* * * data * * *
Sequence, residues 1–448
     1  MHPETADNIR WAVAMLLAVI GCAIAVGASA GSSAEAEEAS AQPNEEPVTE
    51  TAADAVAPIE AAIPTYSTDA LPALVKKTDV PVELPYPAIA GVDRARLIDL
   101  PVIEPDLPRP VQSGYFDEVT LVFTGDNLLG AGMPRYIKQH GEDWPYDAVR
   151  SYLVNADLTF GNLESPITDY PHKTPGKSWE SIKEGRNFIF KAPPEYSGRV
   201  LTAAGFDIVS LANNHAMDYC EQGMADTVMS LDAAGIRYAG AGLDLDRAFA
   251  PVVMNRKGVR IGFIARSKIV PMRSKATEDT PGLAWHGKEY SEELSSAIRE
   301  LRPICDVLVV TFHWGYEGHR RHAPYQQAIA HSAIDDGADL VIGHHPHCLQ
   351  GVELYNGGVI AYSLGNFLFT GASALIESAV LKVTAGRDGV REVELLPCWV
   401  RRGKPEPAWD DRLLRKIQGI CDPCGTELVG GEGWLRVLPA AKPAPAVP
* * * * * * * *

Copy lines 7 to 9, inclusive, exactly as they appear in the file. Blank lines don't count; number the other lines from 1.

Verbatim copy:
   251  PVVMNRKGVR IGFIARSKIV PMRSKATEDT PGLAWHGKEY SEELSSAIRE
   301  LRPICDVLVV TFHWGYEGHR RHAPYQQAIA HSAIDDGADL VIGHHPHCLQ
   351  GVELYNGGVI AYSLGNFLFT GASALIESAV LKVTAGRDGV REVELLPCWV